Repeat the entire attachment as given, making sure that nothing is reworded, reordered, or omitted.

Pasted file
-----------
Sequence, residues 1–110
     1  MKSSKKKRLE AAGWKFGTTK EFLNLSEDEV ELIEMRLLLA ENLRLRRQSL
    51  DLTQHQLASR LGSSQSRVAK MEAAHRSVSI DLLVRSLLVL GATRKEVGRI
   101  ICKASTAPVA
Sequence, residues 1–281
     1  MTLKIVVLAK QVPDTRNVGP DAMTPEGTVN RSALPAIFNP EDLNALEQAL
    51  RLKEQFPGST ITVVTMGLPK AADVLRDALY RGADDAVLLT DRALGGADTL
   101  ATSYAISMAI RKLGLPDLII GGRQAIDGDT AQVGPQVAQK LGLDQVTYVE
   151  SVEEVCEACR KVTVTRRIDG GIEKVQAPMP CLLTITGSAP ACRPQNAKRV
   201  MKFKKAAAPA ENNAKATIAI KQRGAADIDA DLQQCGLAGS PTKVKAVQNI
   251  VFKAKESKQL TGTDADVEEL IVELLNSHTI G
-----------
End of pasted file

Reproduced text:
Sequence, residues 1–110
     1  MKSSKKKRLE AAGWKFGTTK EFLNLSEDEV ELIEMRLLLA ENLRLRRQSL
    51  DLTQHQLASR LGSSQSRVAK MEAAHRSVSI DLLVRSLLVL GATRKEVGRI
   101  ICKASTAPVA
Sequence, residues 1–281
     1  MTLKIVVLAK QVPDTRNVGP DAMTPEGTVN RSALPAIFNP EDLNALEQAL
    51  RLKEQFPGST ITVVTMGLPK AADVLRDALY RGADDAVLLT DRALGGADTL
   101  ATSYAISMAI RKLGLPDLII GGRQAIDGDT AQVGPQVAQK LGLDQVTYVE
   151  SVEEVCEACR KVTVTRRIDG GIEKVQAPMP CLLTITGSAP ACRPQNAKRV
   201  MKFKKAAAPA ENNAKATIAI KQRGAADIDA DLQQCGLAGS PTKVKAVQNI
   251  VFKAKESKQL TGTDADVEEL IVELLNSHTI G